Key considerations for accountability and gender in health systems in low- and middle-income countries

Linda Waldman, Sally Theobald, Rosemary Morgan

Research output: Contribution to journalArticlepeer-review

2 Scopus citations


This article poses questions, challenges, and dilemmas for health system researchers striving to better understand how gender shapes accountability mechanisms, by critically examining the relationship between accountability and gender in health systems. It raises three key considerations, namely that: (1) power and inequities are centre stage: power relations are critical to both gender and accountability, and accountability mechanisms can transform health systems to be more gender-equitable; (2) intersectionality analyses are necessary: gender is only one dimension of marginalisation and intersects with other social stratifiers to create different experiences of vulnerability; we need to take account of how these stratifiers collectively shape accountability; and (3) empowerment processes that address gender inequities are a prerequisite for bringing about accountability. We suggest that holistic approaches to understanding health systems inequities and accountability mechanisms are needed to transform gendered power inequities, impact on the gendered dimensions of ill health, and enhance health system functioning.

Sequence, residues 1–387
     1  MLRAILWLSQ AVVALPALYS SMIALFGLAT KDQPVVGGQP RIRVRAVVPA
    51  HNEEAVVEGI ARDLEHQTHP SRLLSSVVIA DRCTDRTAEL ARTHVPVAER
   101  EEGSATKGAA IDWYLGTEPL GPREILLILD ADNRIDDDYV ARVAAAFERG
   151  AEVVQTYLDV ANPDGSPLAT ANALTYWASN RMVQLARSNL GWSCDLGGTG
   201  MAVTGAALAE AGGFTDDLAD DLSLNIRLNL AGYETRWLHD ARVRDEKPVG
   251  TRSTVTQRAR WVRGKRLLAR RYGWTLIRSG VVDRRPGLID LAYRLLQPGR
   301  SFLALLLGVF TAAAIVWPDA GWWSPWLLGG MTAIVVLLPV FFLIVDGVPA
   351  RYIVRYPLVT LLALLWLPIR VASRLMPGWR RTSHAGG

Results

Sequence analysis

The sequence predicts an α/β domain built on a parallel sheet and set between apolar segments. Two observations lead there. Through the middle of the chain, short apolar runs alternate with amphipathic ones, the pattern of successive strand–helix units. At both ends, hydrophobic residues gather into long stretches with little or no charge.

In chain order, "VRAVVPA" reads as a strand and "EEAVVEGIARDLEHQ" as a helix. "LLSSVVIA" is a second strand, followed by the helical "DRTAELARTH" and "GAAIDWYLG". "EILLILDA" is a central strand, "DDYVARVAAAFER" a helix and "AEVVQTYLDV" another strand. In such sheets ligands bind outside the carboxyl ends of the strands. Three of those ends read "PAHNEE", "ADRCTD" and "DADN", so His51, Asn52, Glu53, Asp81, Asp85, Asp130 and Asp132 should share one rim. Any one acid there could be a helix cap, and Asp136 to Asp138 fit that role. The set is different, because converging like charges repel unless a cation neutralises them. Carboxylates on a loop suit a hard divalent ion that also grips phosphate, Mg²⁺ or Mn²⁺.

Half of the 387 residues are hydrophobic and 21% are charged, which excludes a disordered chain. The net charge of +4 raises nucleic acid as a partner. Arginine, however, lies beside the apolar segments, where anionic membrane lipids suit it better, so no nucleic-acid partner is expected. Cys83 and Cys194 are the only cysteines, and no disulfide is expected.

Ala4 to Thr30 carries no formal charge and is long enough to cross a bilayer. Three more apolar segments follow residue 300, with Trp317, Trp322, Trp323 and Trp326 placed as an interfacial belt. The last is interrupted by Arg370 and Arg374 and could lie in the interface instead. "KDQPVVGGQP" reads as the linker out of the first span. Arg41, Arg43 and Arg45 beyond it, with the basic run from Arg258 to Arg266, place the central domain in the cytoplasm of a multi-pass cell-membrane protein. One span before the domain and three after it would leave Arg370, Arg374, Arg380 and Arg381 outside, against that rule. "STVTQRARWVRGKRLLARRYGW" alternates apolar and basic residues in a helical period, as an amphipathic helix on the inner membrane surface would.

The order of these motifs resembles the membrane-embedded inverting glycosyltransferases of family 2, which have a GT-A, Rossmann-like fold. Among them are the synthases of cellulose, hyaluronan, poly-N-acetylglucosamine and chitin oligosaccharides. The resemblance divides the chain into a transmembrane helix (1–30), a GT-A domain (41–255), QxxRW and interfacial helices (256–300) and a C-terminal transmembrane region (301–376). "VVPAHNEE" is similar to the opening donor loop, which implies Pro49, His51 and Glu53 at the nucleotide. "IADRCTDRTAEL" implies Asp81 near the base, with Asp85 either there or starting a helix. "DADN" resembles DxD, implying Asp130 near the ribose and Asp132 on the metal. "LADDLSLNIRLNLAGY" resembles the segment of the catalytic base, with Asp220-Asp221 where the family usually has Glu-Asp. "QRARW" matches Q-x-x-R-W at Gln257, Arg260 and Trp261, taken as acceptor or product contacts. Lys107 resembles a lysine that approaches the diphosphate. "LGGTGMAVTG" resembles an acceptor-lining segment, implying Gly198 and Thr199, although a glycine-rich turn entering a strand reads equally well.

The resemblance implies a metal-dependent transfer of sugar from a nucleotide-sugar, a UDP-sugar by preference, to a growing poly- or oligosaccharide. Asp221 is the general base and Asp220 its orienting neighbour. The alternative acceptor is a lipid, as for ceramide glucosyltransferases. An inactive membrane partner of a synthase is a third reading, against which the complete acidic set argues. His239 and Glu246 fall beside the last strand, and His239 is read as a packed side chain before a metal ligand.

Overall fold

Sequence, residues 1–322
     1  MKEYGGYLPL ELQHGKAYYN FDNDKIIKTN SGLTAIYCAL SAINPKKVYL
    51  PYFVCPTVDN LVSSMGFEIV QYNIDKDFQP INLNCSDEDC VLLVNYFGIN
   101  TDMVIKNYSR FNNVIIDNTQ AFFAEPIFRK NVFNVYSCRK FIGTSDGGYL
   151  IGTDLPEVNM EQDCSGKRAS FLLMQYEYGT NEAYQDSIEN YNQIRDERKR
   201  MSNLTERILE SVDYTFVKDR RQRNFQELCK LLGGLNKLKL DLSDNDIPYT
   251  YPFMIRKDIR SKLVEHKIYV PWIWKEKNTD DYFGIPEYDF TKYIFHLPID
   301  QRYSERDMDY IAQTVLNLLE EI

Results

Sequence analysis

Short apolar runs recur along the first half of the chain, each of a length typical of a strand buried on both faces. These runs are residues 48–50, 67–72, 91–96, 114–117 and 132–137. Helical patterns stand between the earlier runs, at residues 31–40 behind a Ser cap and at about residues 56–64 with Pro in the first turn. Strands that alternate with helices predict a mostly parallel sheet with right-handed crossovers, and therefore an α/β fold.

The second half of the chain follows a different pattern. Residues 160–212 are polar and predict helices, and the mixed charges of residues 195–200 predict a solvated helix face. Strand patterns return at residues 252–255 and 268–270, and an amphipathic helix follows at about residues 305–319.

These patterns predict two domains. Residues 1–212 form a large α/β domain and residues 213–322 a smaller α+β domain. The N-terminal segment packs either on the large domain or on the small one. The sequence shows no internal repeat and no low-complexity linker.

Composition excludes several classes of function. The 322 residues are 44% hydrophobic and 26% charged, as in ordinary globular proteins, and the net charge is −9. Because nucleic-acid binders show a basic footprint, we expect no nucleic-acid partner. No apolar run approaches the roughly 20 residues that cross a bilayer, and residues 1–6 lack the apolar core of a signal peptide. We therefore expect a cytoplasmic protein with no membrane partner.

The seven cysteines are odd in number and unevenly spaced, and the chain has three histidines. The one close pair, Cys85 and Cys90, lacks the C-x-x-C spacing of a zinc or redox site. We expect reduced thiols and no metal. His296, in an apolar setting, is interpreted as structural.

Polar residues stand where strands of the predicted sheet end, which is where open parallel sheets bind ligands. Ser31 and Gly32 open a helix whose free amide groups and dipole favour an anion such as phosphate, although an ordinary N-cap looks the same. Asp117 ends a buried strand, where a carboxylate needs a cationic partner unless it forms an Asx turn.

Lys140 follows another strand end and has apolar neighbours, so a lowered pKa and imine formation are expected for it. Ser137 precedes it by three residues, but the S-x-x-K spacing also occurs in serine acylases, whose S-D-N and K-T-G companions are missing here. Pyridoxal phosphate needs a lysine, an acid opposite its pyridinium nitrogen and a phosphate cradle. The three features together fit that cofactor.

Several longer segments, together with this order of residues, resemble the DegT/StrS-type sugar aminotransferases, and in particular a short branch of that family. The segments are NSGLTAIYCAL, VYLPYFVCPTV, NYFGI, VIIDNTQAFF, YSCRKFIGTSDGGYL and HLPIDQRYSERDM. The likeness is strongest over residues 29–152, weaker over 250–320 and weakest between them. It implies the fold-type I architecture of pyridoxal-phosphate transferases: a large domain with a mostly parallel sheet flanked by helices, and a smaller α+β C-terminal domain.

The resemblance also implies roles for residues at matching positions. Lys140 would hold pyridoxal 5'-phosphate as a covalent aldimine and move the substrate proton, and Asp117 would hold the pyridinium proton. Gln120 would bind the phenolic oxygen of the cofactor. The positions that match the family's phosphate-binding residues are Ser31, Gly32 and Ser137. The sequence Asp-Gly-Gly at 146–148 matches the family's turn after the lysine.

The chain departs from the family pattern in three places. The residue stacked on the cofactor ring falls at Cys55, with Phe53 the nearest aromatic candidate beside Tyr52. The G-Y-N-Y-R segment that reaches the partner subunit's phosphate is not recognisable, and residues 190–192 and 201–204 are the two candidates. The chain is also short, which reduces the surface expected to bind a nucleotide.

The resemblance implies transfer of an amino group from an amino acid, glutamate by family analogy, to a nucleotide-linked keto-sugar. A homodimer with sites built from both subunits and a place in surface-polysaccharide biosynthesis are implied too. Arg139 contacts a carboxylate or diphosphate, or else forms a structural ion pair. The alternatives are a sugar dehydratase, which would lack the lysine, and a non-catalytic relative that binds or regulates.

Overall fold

Original languageEnglish (US)
Pages (from-to)81-94
Number of pages14
JournalIDS Bulletin
Issue number2
StatePublished - May 2018


  • Accountability
  • Empowerment
  • Gender
  • Health systems
  • Power

ASJC Scopus subject areas

  • Geography, Planning and Development
  • Development


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